The theory of this invention can also be proven by the concept of instantaneous centers as shown in FIGURE 2. It can be shown that point A is the instantaneous center of the lower arm 18 and the upper arm 28 when the vehicle is at its designed height and carrying its designed load. (Point A is the imaginary point where the axes of arms 18 and 28 intersect.) According to the theory of instantaneous centers, the car weight W multiplied by its lever arm L must equal the force F times its lever arm L Expressed mathematically, the formula is F (L )=F (L Both lever arms L and L are measured from the instantaneous center A.

To accommodate a change in load W, the relationship of L and L is adjusted by means. of repositioning the inner pivot 29 in order to establish a new instantaneous center.

In the event the vehicle should have an increase in load, pivot 29 is raised so that the axes of the upper and lower arms 28 and 18 intersect at a new instantaneous center A. By establishing the new instantaneous center A, the ratio of the lengths of lever arms L and L through which the forces F and W act is changed so as to compensate for the increase in the vehicles load or force W.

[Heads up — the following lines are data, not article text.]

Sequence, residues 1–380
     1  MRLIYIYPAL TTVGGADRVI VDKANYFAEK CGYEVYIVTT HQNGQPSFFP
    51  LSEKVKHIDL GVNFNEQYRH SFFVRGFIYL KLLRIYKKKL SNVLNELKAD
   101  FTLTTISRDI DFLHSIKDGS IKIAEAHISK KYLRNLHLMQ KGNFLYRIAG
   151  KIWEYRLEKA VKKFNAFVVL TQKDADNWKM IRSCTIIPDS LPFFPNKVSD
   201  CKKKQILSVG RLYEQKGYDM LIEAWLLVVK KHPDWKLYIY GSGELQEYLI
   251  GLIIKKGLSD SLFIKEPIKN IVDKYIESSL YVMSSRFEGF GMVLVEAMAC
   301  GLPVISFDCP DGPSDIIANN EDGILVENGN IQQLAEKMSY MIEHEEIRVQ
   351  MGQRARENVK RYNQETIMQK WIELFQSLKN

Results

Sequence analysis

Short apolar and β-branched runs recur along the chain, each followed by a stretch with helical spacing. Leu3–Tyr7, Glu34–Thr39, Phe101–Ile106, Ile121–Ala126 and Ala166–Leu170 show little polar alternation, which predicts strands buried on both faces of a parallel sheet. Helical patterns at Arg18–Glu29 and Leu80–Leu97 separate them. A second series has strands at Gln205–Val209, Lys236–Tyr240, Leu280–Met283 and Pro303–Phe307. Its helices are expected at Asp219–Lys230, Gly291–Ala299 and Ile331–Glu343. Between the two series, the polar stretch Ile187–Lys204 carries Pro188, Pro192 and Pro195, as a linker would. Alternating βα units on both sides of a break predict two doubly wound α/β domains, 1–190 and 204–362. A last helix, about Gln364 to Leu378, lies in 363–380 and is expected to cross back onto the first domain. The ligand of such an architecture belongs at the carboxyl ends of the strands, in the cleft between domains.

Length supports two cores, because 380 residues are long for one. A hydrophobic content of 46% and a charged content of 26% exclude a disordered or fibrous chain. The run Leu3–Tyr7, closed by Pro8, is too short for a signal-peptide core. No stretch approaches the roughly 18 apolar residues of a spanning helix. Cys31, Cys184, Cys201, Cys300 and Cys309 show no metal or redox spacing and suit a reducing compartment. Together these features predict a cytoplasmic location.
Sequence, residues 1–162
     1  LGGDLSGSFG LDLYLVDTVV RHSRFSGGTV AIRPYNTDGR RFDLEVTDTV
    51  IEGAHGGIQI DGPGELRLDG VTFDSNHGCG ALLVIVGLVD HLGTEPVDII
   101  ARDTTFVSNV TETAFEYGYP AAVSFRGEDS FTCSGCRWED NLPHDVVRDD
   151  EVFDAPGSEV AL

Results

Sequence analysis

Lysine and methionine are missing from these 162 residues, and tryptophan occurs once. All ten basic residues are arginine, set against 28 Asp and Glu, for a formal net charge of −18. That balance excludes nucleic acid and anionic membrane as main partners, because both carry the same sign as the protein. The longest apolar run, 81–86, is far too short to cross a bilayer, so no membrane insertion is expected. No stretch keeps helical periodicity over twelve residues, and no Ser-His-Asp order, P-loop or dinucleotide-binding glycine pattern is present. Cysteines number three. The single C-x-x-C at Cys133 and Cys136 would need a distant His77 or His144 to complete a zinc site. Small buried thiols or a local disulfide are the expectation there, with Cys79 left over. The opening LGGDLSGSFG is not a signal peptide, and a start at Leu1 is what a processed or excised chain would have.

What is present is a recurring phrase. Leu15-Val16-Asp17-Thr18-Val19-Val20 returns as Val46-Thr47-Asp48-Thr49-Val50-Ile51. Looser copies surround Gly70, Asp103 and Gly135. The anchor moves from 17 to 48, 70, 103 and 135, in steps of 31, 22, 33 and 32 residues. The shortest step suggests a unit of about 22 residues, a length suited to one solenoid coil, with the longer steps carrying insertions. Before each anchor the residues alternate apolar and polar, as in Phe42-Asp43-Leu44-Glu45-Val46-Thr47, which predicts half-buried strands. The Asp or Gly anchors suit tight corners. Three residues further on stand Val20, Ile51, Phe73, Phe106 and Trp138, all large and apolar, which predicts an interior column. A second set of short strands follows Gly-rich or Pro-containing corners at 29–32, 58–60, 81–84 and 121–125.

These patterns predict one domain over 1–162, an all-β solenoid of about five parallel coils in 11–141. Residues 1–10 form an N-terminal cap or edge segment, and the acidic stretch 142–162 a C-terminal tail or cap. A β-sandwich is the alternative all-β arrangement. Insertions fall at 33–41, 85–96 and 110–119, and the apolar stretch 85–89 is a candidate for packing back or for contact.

Instantaneous center A" represents the inclination of the upper arm 28 to compensate for a decrease in vehicle loading. If the vehicle of FIGURE 2 has its load removed, then the suspension geometry must be changed to return it to its designed height. This is done by increasing the inclination of the upper arm 28 so that its axis intersects the axis of the lower arm 18 at an instantaneous center A. Under these circumstances, the force F will be operating through a shorter lever arm length L to compensate for the decrease in the force W times its shorter lever arm L FIGURES 3 and 4 show alternate forms of the invention. In FIGURE 3, the axle housing bracket connected to the lower arm 118 extends downwardly and rearwardly as indicated by reference numeral 116. With this arrangement, the force F is situated behind the axle 14. The same relationship of forces [F(L )=W(L occurs with this construction except that the force in the upper arm 28 becomes a tensile load instead of a compressive load as in FIGURES 1 and 2. Point A represents the instantaneous center of the upper arm 28 and the lower arm 118 at designed loading. Point A indicates the necessary position of the upper arm 28 in order to obtain the proper instantaneous center for returning the vehicle to a level attitude when it is under a heavily loaded condition.

Instantaneous center A corresponds to the inclination of the upper arm 28 when the vehicle carries less than its designed load. In FIGURE 3, distances L and L indicate the lever arm lengths through which the forces F and W operate when the vehicle is in such an unloaded condition.